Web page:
It's a new form of life. It was discovered by a lab full of freshmen...and it came out of Crim Dell. The organism, a strain of bacteriophage, was found in the muck at the edge of Crim Dell, so the students agreed to name it CrimD. It's undoubtedly the only new form of life to be discovered at a campus landmark.
The discovery was part of a project sponsored by the Science Education Alliance of the Howard Hughes Medical Institute. The HHMI initiative organized freshmen at 12 select colleges into two-semester research courses on the genetics of bacteriophages-or just plain phages-which are viruses that infect bacteria. The lead scientists in this research-oriented lab are Margaret Saha, Mark Forsyth and Kurt Williamson, all faculty in the biology department.
Bacteriophages are one of the hottest topics in biomedical and clinical research circles. These bacteria-attacking viruses show immense potential as alternatives to antibiotics.
"This sort of discovery could lead to possible therapies," Saha said, "particularly for tuberculosis."
It gets even better
"Some of these genes are clearly much more closely related to bacterial genes than viral genes," Forsyth said. "This has led to some wonderful student hypotheses on the acquisition of host genes during the infectious process. Finding new genes in a genome this small really underscores a major point of a study like this-the genetic diversity that exists in the world surrounding us must be unfathomable. It's hard to imagine how many novel genes must be out there just waiting to be examined."
It all began in the dirt and mud near Crim Dell, just a stone's throw from the new Integrated Science Center. The students collected soil samples in the fall semester of 2008. Then, they walked back to the ISC to execute state-of-the-art lab techniques to isolate phages and prepare the phage DNA for sequencing-or genetic blueprinting-at Los Alamos National Laboratory.
Preliminary results from Los Alamos indicated that CrimD was a novel virus strain, previously unrecorded-but nobody could be sure. Forsyth said in January that the Los Alamos findings were "what's known as a draft." He explained that the draft contained all the units of the CrimD genome in three contiguous parts. An organism's genome contains the order in which the four building blocks of DNA-adenine, thymine, cytosine and guanine-are arranged in couplets known as base pairs, which make up the rungs of the spiral DNA ladder.
CrimD, with 59,798 base pairs, has a smallgenome. By comparison, Forsyth said the specific bacterium that CrimD infects has four million base pairs. The human genome consists of some three billion base pairs.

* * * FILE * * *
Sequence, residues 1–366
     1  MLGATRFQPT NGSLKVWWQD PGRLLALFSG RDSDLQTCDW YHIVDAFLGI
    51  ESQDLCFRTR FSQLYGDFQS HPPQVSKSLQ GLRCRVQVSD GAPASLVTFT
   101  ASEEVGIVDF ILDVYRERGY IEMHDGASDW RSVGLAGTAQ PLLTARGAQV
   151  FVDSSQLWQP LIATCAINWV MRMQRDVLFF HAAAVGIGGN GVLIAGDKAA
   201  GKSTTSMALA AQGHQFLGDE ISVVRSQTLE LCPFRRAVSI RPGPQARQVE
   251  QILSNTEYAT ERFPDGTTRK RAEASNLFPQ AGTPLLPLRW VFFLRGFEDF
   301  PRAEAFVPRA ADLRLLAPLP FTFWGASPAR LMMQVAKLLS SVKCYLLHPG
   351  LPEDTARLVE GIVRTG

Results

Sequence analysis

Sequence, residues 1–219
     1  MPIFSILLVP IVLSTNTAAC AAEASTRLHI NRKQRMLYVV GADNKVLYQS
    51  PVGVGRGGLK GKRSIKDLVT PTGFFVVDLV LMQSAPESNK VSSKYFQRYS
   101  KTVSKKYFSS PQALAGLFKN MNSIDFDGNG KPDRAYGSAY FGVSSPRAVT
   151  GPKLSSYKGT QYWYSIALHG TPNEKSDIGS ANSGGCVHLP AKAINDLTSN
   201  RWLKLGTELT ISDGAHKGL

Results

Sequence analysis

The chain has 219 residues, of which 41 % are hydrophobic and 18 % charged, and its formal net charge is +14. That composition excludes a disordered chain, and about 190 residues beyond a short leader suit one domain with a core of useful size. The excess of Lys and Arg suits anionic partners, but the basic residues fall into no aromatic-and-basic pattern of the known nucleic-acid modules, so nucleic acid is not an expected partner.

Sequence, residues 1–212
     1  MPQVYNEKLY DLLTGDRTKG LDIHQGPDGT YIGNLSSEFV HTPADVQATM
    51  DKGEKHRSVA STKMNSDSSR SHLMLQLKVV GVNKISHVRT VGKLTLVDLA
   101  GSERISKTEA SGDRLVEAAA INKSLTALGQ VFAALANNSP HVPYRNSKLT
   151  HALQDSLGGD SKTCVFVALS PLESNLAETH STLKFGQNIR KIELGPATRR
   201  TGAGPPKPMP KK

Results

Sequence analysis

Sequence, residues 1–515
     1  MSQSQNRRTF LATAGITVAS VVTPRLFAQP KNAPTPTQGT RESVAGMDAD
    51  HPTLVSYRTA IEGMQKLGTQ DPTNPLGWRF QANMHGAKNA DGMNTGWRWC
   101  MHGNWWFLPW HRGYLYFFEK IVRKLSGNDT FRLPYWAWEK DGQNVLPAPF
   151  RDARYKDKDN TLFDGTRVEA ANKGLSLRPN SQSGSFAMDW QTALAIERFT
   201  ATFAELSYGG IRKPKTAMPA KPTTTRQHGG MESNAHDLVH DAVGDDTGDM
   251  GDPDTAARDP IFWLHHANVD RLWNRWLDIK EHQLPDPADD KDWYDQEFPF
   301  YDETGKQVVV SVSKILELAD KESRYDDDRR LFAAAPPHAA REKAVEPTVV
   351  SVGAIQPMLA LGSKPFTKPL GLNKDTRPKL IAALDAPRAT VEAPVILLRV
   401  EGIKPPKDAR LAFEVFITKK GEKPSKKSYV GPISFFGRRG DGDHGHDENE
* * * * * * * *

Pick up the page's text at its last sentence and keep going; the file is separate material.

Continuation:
Filling in the genomic gaps
As the second semester started, the lab began using a number of sophisticated bioinformatics techniques to verify their discovery, filling in gaps of the Los Alamos sequencing, and examining CrimD's individual genes.
"One of the first things the students did was to analyze the data to identify weak spots," Williamson said. "In other words, there are points in this genome that have been sequenced a fewer number of times. Typically you want ‘8x coverage,' so each region of the genome is sequenced eight times and at least seven of those eight times need to agree."
The students used various techniques to get the CrimD genome in proper order and to address CrimD's weak spots, segments of 300 to 400 base pairs that didn't make the 8x cut at Los Alamos. The weak segments were examined using techniques such as the polymerasechain reaction, a DNA amplification tool common in molecular biology labs. All members of the phage seminar learned to use state-of-the-art bioinformatics software supplied through HHMI to process the CrimD genome in silico.
"There's in vivo and in vitro, which everybody knows," Saha explained. "In silico is becoming much more commonly used to describe things done on a silicon chip in a computer, rather than at the lab bench." Saha said that the sheer amount of data in even small virus-sized genomes such as CrimD make in silico bioinformatics techniques necessary in today's research labs.
"You absolutely need computer computational power to analyze and make sense of these hundreds of thousands of bases and how they fit together or don't fit together to make up proteins and form genes," she said. "This can't be done easily by the human mind, but the computer programs make all the possible combinations and come up with the best series of alignments. This happens in microseconds. Then, of course, we have to curate that and look at it to make sure it makes biological sense." arch, the phage lab was able to establish CrimD's singular pedigree, although no one realized the particular point at which "looking good" had solidified into a certainty.
Looking (in vain) for eureka
"The problem with science is that there's rarely this ‘eureka' moment," Saha said. "It's gradual. By the time you get to what should be your eureka, you realize that there was no one moment where you don't know, then one where you do know."
Even if the scientists can't always recognize the eureka moment, they do know that they have passed it.
"Oh, it's a new virus all right," Forsyth said. "In fact, it is not falling into any of the known clusters of the viruses that infect this species of bacterium."
In late March, the phage lab hosted a gathering of other freshman phage labs, which included a visit from Graham Hatfull of the University of Pittsburgh, HHMI's lead scientist on the project, and his staff. Hatfull's people took an immediate interest in the William & Mary phage.
"CrimD," one of them said, "is cool!"